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Veteran Republican abandons the GOP – and drops a devastating rebuke on the Trump-dominated party

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Writing in the Atlantic, a former Republican explains why he left the party after decades in the GOP—and the surprising perks of being “politically homeless.”

Peter Wehner, a contributing editor at The Atlantic and a senior fellow at the Ethics and Public Policy Center, explains what initially drew him to the GOP.

“I saw in the Republican Party a commitment to human freedom, democratic capitalism, and a traditional social order; to upward mobility through self-reliance; to the dignity of work; to the cultivation of character and respect for the Constitution; and to a foreign policy that placed a high priority on human rights, a strong national defense, and American leadership,” Wehner writes.

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“Republicans argued for limited government, economic growth, and free trade. The party respected the role of religion in public life and envisioned America as a welcoming society to immigrants and the unborn. It was hardly a perfect party. Like all political institutions, it fell short of its ideals; it was also led by some deeply flawed individuals. Yet in the main, it stood for principles that I believe promote human flourishing.”

That all changed with Trump—and the current crop of Republicans willing to do his bidding.

“But since the political rise of Donald Trump, I’ve found myself at first deeply disappointed and now often at odds with the GOP. The party of Reagan has been fundamentally transformed. It’s now Donald Trump’s party, through and through.”

Since leaving the party, Wehner has greatly evolved as a human being, he claims.

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“People who are part of a tribe—political, philosophical, religious, ethnic—are less willing to call out their own side’s offenses. That’s human nature. To be sure, some are more willing to show independence of judgment than others, but none shows complete intellectual independence. I certainly didn’t.”

Here’s his hope for the future.

“Here’s what I hope: Detaching myself from my longtime political party means that I find myself more willing than I was to hear the views of people I once tended to tune out, to listen to those I once thought didn’t have much to teach me, and that I now put a greater premium on epistemological modesty than I once did,” he concludes. “Aware of having been wrong in the past, I’m more open to being wrong today, and I trust that I’m more open to correction. “There are truths to be discovered,” in the words of the political scientist Harry Clor, “but truths complex and many-sided.”

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REVEALED: Russia carried out ‘stunning’ operation that hurt FBI’s ability to track its spies during 2016 election

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Yahoo News is reporting that Russia carried out what is being described as a "stunning" operation in the United States that hampered the FBI's ability to track Russian spies during the 2016 presidential election.

According to Yahoo, Russia in 2016 made a technological breakthrough that allowed it to compromise the FBI's encrypted radio systems used by mobile surveillance teams who keep tabs on suspected Russian spies operating in the U.S. Russia even managed to compromise these teams' backup systems that consisted of cellphones with push-to-talk capabilities, thus further hindering the surveillance teams' ability to do their jobs.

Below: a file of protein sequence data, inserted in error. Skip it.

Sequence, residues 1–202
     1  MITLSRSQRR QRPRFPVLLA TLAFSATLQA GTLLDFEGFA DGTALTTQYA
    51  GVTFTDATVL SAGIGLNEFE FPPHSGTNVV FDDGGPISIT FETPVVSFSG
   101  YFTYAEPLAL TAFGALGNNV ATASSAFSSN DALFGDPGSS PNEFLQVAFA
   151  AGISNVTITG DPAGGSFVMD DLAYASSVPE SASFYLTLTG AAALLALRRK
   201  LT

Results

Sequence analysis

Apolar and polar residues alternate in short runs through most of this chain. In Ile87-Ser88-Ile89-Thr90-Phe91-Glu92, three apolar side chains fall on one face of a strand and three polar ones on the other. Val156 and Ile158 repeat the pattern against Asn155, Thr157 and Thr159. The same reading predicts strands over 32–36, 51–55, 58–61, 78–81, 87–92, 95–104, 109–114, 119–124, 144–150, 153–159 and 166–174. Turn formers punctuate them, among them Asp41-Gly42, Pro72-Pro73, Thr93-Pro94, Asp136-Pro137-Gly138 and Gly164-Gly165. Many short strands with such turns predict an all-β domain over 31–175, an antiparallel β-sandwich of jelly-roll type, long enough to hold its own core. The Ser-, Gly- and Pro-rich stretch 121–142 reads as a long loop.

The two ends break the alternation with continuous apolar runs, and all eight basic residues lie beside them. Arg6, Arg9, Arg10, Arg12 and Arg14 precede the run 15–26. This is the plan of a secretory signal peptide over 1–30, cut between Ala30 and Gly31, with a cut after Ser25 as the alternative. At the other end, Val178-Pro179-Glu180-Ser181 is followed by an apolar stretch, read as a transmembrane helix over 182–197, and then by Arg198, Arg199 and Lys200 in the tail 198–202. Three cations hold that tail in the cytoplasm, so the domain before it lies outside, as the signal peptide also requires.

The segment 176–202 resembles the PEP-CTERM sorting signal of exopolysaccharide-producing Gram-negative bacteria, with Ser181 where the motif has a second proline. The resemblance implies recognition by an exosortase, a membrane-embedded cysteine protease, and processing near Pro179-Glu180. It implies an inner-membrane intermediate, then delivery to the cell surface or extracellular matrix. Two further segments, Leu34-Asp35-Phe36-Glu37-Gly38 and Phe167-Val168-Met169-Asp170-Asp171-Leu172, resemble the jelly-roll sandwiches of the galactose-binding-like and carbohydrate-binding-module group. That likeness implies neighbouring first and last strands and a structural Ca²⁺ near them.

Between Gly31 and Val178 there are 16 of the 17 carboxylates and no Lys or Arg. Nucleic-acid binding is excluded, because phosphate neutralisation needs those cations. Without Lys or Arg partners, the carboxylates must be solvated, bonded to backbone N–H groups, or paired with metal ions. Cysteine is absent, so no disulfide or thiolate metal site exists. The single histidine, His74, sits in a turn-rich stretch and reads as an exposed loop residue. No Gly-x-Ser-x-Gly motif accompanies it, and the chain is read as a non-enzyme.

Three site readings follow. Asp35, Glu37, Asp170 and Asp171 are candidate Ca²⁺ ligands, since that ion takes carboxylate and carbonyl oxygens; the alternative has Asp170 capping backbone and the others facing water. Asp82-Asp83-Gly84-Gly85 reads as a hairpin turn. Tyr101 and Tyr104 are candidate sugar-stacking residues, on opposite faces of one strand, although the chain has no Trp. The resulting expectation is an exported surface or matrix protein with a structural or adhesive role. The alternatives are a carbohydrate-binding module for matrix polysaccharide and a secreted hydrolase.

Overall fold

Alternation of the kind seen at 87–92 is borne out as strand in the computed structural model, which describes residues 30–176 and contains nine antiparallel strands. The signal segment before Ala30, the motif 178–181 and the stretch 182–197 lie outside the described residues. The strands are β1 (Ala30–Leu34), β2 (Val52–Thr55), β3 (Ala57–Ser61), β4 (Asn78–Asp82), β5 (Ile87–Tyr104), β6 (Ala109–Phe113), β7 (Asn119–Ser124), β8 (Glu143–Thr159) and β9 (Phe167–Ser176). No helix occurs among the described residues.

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The DOJ is suing Omarosa over the same law Brett Kavanaugh is accused of violating: Ex-White House ethics chief

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On Monday, former Office of Government Ethics Director Walter Shaub noted a massive double standard at the Justice Department, pointing out that government attorneys are suing Omarosa Manigault Newman for financial disclosure violations — while giving a free pass to Brett Kavanaugh, who is accused of even more serious financial disclosure violations.

In fact, noted Shaub, not only is the DOJ not pursuing that allegation, Attorney General Bill Barr is giving the DOJ employees who helped fast-track Kavanaugh through Supreme Court confirmation hearings a prestigious award, usually reserved for prosecutors who take down terrorists and mob bosses:

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2020 Election

Trump’s longshot bid to win New Mexico has political leaders baffled: ‘He’s a batsh*t racist’

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Despite losing New Mexico by eight points in the 2016 presidential election, Donald Trump and his campaign manager Brad Pascale are making big plans to win the state in 2020 -- and that has political observers baffled.

With Trump appearing in New Mexico on Monday night, Politico reports the president has his work cut out for him in a state that saw the GOP lose the governorship and one House seat in 2018.

"The Land of Enchantment has voted for a Republican presidential candidate only once since 1992. With a considerable nonwhite voter population and all-Democratic congressional delegation, it’s not exactly fertile ground for a surprise GOP victory," the report notes before adding that Parscale feels they can make inroads this go-around.

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